November 11, 2009
President Barack Obama has asked ―every American to commit to at least one year or more of higher education or career training. This can be community college or a four-year school; vocational training or an apprenticeship. But whatever the training, every American will need to get more than a high school diploma.‖i He also has challenged the nation to add 5 million community college graduates by 2020 in our quest to regain our global competitiveness. In setting these goals, the President has called attention to a new economic reality: Most occupations that pay a family-sustaining wage will be filled by workers with postsecondary education or training beyond high school.
Yet half of the American workforce has not had any postsecondary education or training. Among these workers, the goal of a marketable credential is furthest out of reach for the 25 million who did not even finish high school.ii The main federal adult basic skills program, Title II of the Workforce Investment Act (WIA), also known as the Adult Education and Family Literacy Act (AEFLA) serves only 2.3 million students annually. iii
Title II of WIA has long suffered from too little funding and too many goals. This has hindered its ability to provide more Americans with the literacy and English language skills necessary to succeed. More funding for adult basic skills and English language services is urgently needed, especially after a decade of record immigration and the need to retrain those who have been laid off in the most recent economic downturn. But expanded federal investment in adult education and English language services should focus more on providing, in partnership with states and localities, services that dramatically increase the rate at which all students attain career and postsecondary success. Currently, most adult education students leave after just 30 to 80 hours of instruction without receiving any credential and before achieving meaningful learning gains. Reforms are urgently needed that create new and shorter career and postsecondary pathways that give students reason to persist.v Federal adult education funding should focus on increasing the rate at which all students attain career and postsecondary success. States can continue to spend their own funds—roughly 75 percent of all adult education funding—on various purposes. Just as the federal government targets its elementary and secondary education expenditures to achieve specific goals, the federal government needs to be more strategic about how it invests its spending on adult education. The following recommendations for WIA reauthorization will help ensure Title II better serves learners and our nation. iv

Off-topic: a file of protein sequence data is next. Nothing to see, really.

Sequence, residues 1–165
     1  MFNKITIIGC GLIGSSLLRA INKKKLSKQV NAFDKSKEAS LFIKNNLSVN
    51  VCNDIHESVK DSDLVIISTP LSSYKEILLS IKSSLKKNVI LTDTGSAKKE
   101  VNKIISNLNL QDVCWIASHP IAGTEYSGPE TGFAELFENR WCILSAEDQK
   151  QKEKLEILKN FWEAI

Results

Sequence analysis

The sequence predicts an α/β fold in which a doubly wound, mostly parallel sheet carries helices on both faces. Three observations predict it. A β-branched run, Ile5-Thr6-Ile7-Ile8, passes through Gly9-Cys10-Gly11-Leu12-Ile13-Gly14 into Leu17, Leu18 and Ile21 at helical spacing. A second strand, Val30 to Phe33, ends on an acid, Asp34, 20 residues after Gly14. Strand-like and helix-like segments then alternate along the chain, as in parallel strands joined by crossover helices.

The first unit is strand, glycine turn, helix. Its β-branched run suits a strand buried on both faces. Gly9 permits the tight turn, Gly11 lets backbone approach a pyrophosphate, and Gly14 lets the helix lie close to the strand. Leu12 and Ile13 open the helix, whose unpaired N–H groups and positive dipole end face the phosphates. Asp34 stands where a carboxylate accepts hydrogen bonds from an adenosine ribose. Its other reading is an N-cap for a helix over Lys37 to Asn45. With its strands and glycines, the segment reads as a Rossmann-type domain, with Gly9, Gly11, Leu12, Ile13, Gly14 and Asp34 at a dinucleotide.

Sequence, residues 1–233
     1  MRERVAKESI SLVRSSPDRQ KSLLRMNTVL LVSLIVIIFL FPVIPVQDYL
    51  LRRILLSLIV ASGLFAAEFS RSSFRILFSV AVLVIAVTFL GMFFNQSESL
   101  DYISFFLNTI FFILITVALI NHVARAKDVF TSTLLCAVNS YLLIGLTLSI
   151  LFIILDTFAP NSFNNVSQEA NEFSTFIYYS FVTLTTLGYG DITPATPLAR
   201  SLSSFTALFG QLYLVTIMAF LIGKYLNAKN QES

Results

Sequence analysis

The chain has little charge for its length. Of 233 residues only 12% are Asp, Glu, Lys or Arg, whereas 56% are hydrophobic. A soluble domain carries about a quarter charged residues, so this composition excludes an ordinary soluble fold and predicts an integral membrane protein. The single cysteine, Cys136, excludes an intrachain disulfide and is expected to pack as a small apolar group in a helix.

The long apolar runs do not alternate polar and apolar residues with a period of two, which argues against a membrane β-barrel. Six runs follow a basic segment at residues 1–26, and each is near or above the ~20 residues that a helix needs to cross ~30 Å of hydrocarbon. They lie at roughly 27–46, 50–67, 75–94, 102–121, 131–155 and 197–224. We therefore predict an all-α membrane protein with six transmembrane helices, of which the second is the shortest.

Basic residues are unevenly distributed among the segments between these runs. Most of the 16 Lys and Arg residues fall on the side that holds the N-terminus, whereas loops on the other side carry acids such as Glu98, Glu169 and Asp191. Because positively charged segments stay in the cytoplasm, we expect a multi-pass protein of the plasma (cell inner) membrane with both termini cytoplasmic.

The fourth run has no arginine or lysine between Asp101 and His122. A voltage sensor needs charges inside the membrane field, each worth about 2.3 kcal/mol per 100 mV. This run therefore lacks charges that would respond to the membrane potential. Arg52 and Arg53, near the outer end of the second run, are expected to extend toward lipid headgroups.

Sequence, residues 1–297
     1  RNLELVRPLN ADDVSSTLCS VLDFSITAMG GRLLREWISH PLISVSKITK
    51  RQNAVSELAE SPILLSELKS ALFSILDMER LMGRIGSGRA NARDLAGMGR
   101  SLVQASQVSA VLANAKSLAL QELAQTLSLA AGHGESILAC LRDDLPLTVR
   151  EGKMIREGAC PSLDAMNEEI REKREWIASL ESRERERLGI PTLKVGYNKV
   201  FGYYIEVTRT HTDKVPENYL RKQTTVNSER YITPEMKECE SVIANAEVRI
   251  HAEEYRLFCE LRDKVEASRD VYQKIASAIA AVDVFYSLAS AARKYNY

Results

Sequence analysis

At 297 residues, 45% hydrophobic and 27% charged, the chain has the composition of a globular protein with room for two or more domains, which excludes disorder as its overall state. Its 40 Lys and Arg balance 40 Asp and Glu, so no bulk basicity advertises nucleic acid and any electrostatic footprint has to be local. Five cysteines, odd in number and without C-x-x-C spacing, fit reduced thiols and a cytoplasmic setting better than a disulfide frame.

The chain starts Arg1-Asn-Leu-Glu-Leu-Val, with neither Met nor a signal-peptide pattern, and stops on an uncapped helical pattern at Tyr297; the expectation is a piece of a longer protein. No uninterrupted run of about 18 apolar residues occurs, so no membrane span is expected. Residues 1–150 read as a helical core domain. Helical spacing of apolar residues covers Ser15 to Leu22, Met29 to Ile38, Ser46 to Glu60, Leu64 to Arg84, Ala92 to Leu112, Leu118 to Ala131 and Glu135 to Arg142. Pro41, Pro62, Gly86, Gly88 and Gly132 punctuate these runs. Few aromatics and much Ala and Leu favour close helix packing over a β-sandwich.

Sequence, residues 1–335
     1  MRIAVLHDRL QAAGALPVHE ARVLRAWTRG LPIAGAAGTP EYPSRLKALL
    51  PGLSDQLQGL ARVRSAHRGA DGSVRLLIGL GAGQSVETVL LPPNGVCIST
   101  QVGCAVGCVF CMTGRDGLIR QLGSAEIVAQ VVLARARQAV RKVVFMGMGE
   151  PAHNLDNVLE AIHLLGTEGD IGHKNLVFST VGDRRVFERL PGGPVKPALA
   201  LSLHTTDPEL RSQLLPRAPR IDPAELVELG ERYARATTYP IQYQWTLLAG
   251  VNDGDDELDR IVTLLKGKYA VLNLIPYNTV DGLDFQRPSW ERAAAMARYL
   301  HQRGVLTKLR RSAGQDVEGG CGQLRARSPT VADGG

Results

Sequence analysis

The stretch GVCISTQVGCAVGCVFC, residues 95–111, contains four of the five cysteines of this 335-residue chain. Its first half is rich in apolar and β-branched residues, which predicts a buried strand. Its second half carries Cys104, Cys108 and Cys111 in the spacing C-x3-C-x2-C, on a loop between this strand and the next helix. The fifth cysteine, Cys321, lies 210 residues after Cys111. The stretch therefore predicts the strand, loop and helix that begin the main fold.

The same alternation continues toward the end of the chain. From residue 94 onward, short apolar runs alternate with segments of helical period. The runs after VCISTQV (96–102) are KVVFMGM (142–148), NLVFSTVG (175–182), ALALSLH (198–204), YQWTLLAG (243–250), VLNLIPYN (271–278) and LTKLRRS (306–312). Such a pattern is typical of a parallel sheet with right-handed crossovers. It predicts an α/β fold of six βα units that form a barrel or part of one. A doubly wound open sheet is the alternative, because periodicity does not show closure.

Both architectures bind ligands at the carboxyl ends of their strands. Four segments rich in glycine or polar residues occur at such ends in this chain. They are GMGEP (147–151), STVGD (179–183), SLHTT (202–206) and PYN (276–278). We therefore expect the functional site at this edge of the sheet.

Set as the purpose of Title II increasing the rate at which students attain career and postsecondary success.
Focus required local activities funded by Title II on increasing the rate at which students attain career and postsecondary success.
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